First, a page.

I’m pretty sure that any skateboarder out there would dream of owning a world famous skate brand.
Under the Wall: Skalute started with just t-shirts. Now, in the space of a few months, Skalute has lines of belts, sweaters, and decks. What’s next for Skalute in terms of new products?
Li Xiaomeng: We aim to expand the product lines, improve them a bit. For example, we’ve got a lot of people coming up to us and saying, ‘when are you going to make tracksuit tops, when are you gonna make beanies and pants?’. We’ve also got a lot of people asking us to make accessories like phone sleeves, key chains etc. The possibility of all these quite high, but we’ll take it slow. The key question you need to ask is who is going to buy all this stuff? Most people wouldn’t buy a phone jacket from a brand they have no idea about.
Under the Wall: Recently Skalute’s popularity has been rising after having sponsored a lot of skate competitions, and sponsoring skaters. Talk a little about your experiences with both of these.
Li Xiaomeng: For sponsoring skate comps, I started off with my personal network. I know Nanjing and Shaoxing more than any other place, got a lot of friends in those 2 cities. So I started (sponsoring competitions) there. At first, promoters got in touch with me and asked if I wanted to sponsor it and throw in a couple of free tees and skate decks as prizes.
Its been not bad. To be honest its not about it being an effective way to promote or advertise, its about giving back to the scene. If you’ve got the chance to give back to the community then you should. Give the people more motivation to keep supporting the scene.
"In the 90’s if you went out on the streets to skate, its possible that many people wouldn’t know what it was. At least now people who know what skateboarding is. That’s progress."
Under the Wall: Talking of China’s skate scene, how do you see it developing in China?
Li Xiaomeng: The skate scene has been in China since around the 90’s. At that time, most people (skaters) got their interest in the sport from a few American movies. From then more and more people (became interested in the sport). The first (Chinese) people who got interested in the sport we born in the early 80’s, then it spread to those born in the late 80’s, early 90’s late 90’s and so on. Now there is a ton of kids born after 00 that are really talented.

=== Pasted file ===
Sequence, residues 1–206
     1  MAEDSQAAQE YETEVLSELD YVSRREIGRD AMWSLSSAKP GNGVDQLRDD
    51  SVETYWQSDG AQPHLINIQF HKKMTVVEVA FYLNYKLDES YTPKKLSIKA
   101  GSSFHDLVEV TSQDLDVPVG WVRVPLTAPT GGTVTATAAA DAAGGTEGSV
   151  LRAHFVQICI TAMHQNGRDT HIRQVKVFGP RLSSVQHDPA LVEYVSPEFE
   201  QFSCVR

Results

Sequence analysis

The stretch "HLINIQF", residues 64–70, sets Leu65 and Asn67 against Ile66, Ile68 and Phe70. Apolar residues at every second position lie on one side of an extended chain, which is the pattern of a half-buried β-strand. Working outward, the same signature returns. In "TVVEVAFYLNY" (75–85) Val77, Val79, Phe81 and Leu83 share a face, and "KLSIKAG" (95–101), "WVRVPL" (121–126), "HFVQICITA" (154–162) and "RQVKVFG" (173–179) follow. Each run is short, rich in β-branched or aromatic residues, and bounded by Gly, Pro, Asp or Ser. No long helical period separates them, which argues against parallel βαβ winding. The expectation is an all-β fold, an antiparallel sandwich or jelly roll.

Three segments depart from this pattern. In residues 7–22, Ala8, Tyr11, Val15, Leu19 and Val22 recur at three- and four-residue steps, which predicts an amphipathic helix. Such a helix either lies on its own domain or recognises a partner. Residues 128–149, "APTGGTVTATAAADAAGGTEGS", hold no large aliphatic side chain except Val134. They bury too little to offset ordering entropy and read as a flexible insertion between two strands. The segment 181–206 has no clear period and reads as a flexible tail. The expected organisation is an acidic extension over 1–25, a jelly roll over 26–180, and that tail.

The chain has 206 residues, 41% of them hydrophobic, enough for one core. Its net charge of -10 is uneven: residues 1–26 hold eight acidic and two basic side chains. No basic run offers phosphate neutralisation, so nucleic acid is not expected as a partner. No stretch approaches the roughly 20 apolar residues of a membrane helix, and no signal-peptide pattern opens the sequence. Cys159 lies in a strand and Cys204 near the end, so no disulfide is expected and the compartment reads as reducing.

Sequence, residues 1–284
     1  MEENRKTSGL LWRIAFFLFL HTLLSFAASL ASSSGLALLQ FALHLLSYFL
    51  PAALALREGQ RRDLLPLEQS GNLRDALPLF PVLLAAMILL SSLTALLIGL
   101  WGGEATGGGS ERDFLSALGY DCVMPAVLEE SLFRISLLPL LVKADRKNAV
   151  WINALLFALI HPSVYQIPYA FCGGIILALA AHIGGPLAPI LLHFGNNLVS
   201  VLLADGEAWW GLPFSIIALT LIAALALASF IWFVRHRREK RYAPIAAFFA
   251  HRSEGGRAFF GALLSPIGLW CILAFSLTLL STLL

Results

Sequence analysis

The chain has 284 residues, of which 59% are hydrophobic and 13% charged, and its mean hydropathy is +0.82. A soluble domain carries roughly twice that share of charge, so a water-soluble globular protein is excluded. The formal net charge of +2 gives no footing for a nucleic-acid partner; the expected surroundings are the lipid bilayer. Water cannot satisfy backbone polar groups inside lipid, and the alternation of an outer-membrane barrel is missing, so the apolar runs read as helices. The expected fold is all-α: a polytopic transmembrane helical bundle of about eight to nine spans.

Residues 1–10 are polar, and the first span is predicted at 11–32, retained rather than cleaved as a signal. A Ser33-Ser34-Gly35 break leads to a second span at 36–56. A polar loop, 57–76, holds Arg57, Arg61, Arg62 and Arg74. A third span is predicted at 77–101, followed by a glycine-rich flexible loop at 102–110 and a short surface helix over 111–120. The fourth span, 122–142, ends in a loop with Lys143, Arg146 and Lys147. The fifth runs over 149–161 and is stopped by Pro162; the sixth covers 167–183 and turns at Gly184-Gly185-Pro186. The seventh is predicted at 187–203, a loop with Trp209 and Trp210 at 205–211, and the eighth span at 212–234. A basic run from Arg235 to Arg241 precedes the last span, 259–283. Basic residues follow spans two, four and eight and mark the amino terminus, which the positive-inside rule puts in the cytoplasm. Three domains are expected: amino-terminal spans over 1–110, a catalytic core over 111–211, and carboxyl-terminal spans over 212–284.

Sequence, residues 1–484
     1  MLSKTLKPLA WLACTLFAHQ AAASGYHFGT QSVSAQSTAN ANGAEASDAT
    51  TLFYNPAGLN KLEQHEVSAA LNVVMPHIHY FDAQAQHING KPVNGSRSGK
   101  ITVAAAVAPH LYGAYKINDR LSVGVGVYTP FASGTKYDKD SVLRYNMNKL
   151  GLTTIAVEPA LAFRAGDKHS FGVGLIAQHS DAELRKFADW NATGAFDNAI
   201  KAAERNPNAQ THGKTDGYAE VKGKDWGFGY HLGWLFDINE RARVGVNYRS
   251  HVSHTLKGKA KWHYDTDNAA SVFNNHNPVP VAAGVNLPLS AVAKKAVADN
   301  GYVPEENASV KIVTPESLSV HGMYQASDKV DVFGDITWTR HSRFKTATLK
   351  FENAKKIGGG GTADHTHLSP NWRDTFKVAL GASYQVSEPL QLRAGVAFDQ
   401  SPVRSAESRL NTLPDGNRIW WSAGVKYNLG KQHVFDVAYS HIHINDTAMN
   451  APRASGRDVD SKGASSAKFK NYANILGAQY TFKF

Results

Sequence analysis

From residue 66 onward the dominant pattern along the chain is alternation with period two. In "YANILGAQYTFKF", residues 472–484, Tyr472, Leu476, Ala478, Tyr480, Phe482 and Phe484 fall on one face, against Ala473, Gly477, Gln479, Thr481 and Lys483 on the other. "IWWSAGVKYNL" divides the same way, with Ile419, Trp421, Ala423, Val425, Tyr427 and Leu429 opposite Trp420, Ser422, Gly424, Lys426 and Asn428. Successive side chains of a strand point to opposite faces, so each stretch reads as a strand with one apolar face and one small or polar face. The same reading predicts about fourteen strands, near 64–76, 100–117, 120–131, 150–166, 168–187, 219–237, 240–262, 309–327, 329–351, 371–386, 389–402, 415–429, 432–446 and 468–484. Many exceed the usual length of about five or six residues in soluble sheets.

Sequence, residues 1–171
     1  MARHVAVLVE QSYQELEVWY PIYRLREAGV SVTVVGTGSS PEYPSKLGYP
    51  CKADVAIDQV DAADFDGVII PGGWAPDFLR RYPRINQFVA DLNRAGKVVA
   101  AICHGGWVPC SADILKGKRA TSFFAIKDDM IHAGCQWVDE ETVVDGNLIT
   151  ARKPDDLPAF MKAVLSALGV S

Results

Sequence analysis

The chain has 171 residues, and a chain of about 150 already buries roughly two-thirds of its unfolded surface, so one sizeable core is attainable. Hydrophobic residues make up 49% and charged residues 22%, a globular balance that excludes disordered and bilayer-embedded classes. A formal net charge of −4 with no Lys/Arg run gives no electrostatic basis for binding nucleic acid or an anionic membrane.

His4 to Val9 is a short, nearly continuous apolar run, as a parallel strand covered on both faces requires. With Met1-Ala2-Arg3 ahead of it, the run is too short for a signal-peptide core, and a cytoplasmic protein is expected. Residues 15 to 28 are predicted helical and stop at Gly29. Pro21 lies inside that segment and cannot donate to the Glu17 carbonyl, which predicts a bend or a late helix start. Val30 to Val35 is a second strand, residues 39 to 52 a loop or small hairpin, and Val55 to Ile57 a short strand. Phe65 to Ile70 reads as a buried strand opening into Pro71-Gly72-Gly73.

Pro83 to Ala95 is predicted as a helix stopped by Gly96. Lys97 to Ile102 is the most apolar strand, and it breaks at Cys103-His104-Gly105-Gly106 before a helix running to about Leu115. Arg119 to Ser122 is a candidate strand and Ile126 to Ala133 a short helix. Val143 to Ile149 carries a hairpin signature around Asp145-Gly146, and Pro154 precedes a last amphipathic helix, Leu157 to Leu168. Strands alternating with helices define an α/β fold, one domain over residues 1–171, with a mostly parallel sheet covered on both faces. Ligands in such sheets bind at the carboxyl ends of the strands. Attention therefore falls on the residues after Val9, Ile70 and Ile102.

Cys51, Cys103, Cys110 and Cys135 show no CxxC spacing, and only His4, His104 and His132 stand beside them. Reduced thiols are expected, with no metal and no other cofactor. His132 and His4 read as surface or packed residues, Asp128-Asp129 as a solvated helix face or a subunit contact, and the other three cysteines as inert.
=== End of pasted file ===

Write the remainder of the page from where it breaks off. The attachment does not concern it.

One generation after the other, the skate scene has been expanding. Also people’s knowledge of what skateboarding is is also changing. In the 90’s if you went out on the streets to skate, its possible that many people wouldn’t know what it was. At least now people who know what skateboarding is. That’s progress.
Under the Wall: So tell us a little more about what the Skate Scene is like in China, how is it different from the West or other countries?
Li Xiaomeng: Talking about differences, I think that it mostly comes down to East Vs West cultural and societal differences. I’ll give you an example, Skating is a form of street culture. The birth of street culture came from New York City. There a lot of the kids grew up spending time out on the streets playing, making friends, finding ways to make money, even fighting.
But in China its different. Kids aren’t allowed to stay out and play. They have to go home, do their homework, attend after-classes. Staying out on the streets to play is out of the question. Most of the time, Chinese homes are in big apartment complexes. Kids in each complex stay in the complex and play together and there is no concept of roaming the streets to play. Chinese education is very strict, the pressure on these kids is huge. They have to study, do homework, attend after-classes, there is no time to go out and skate. This is the different in the makeup of society (between China and the west).
After the cultural revolution, China had no urban culture, because there was nothing was being created out on the streets. Most of it (culture) came from online videos, or Hollywood movies. From those we started to learn about street culture and urban culture,
The main driving force of the (Chinese) skate scene is university students. Although now more and more middle and high school kids are being introduced to skateboarding and are taking to the streets to skate. But because of the university entrance exam （*Gao Kao高考）they have no other choice (but to study), and can only casually skate on the side. If you ask if skating (in school) is a culture? No it’s not.
Kids can only really start towards the end of university. In their senior years kids have their own time and own money to spend. This is huge because if you haven’t got money where’s your equipment going to come from? The only other choice is to ask your family for it.
Under the Wall: As you previously mentioned, China as had somewhat of a skate scene for over 20 years, but mostly starting at university level. How have you seen that change over the years? (has there been more of a street culture coming through in China?